Fred Perry Subculture Live at The 100 Club


Thursday 31st August 2017

Written by Shannon Cotton

Entering the live arena again after two years away, last night’s Heavenly Recordings takeover at The 100 Club culminated in a welcome return for colloquial king Baxter Dury.

Kicking off proceedings, Halifax natives The Orielles provide a fitting warm up with delicately honed surfer indie with a loaded bite, which breezes through the speakers inside the legendary central London haunt. Although youthful in appearance, the tenacious trio deliver perfectly woozy instrumentals and sugar coated vocals reminiscent of a retro musicality which harks back longer than their teenage years. The Heavenly signings aren’t afraid to step up their sound a gear either as vocalist Esmé Dee Hand-Halford imparts formidable bass lines which run alongside a welcome cowbell during ‘Sugar Tastes Like Salt’.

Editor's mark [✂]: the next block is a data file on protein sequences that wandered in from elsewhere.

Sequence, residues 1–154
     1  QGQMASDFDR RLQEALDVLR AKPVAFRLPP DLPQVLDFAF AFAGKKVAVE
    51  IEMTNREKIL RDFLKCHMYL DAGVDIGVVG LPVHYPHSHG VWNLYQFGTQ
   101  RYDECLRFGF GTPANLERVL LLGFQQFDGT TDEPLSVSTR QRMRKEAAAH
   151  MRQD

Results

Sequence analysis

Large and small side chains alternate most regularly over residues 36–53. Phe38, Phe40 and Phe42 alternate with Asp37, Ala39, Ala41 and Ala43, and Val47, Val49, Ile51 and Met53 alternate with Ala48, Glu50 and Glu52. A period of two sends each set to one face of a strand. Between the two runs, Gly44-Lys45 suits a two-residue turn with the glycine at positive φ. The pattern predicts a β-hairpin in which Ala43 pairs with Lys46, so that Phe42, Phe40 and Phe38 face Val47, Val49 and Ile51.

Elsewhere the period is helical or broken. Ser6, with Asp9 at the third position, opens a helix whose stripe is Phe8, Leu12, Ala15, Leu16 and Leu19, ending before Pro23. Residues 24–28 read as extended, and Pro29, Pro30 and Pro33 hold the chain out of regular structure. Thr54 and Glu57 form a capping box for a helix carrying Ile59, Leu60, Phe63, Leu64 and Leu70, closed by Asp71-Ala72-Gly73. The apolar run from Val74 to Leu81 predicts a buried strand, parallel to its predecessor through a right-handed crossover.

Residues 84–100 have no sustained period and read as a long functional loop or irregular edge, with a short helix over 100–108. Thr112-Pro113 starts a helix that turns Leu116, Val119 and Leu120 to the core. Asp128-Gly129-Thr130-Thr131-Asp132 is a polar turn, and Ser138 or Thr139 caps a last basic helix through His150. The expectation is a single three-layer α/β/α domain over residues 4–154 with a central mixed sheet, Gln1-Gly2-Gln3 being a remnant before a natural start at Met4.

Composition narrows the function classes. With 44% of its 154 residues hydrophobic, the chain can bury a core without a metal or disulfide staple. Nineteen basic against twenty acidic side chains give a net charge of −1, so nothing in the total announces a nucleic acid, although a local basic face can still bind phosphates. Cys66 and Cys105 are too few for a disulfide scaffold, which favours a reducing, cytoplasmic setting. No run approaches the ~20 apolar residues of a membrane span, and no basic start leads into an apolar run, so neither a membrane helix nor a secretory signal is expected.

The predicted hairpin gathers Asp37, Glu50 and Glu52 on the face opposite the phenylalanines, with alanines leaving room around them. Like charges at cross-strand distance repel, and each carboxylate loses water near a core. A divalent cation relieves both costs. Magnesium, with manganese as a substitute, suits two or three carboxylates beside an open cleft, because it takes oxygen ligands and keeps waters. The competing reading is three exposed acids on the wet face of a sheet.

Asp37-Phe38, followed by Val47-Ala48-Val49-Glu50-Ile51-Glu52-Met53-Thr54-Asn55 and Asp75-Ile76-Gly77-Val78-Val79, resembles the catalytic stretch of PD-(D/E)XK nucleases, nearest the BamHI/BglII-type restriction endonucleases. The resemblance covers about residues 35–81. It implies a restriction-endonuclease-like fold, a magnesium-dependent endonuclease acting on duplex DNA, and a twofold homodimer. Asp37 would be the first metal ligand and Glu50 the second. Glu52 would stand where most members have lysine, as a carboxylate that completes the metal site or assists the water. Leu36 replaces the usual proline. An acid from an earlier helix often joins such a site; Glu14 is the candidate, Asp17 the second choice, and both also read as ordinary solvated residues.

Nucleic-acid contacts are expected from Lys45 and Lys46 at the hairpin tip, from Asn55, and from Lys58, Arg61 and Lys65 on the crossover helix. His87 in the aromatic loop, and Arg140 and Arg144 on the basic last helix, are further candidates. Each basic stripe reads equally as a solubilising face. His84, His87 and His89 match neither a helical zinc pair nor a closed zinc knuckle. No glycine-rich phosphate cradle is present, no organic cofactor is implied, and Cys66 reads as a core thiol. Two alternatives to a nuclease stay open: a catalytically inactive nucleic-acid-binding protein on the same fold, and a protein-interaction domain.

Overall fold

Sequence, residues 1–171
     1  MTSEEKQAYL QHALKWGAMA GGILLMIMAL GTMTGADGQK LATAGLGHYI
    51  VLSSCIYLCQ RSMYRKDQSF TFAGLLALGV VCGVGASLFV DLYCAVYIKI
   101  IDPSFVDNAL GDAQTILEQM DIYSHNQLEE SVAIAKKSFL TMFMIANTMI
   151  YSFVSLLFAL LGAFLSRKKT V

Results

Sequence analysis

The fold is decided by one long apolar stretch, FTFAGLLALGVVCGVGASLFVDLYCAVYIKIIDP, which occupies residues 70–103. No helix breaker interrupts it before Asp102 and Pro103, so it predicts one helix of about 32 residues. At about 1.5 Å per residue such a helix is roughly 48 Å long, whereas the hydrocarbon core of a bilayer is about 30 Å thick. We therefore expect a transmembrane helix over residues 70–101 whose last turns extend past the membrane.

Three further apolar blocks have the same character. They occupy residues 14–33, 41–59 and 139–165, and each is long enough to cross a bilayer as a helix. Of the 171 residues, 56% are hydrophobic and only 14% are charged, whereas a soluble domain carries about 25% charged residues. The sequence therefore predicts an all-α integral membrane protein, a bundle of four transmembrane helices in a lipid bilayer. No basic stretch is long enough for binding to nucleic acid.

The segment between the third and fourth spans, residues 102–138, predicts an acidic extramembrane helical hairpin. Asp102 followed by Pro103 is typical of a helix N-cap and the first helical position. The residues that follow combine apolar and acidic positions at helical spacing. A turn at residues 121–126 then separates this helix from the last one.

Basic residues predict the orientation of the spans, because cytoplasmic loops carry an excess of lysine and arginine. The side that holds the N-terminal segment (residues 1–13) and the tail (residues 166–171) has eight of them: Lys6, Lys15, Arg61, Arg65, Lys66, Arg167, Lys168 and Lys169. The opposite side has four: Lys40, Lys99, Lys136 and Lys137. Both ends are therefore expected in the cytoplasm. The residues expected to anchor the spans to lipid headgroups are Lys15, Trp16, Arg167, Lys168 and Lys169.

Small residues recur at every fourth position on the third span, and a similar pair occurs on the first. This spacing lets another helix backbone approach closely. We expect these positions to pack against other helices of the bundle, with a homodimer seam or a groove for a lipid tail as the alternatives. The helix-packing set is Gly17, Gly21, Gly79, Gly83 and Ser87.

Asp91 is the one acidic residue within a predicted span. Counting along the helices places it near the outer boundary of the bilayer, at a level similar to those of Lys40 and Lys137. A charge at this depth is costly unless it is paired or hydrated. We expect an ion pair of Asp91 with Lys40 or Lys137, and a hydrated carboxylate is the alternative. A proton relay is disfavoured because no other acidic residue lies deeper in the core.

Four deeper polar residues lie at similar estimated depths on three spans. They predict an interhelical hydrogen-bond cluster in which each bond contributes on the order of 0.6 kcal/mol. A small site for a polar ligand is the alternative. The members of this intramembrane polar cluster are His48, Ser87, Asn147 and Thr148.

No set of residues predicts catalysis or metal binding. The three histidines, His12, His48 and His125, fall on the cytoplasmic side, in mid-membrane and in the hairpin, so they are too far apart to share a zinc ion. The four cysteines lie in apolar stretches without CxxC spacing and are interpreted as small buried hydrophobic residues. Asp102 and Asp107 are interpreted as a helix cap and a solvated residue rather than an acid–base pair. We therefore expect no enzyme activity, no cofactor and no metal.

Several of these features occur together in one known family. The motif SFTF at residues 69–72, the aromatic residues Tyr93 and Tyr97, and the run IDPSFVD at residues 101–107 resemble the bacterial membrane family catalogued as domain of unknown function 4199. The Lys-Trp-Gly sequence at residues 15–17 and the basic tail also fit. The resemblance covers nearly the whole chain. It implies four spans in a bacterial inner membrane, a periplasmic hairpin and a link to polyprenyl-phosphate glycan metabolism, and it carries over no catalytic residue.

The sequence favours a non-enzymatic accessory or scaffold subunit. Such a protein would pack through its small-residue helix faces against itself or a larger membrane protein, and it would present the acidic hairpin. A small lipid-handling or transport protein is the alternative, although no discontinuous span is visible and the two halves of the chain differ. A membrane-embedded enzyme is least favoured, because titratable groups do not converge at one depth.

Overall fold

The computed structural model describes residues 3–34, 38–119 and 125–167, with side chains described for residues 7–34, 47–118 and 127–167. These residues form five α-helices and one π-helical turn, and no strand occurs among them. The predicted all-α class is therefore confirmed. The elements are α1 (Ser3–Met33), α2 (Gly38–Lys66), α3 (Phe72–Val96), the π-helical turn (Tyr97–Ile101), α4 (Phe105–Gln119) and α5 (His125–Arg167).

In between the band and Baxter, DJs from the Heavenly label woo the audience with their Northern Soul tinged vinyl cuts.

Essences of Britpop bleed through into the delivery of Baxter Dury’s lyrics as he takes to the stage. Joined by a full live band the musician teeters between spoken word and singing, with Baxter’s instantly recognisable voice always being the main focal point of the set. For all the dancing, anecdotes and words of wisdom after songs relayed in his unmistakeable lilt, there are tracks inflected with deeply personal tales. After an ode to Baxter’s mother, he addresses the crowd, “We’re just a group of people trying not to be normal,” before a performance of ‘Prince Of Tears’ (the title track of his new album) sees the artist showcase his piano ballad credentials.

As the gig begins to draw to a close, Baxter introduces the new single, ‘Miami’. Unashamedly forward, the opening line in the track is, “I don’t think you know how successful I am”. With the crowd hanging off of the singer’s every word, they definitely know just how successful he is.

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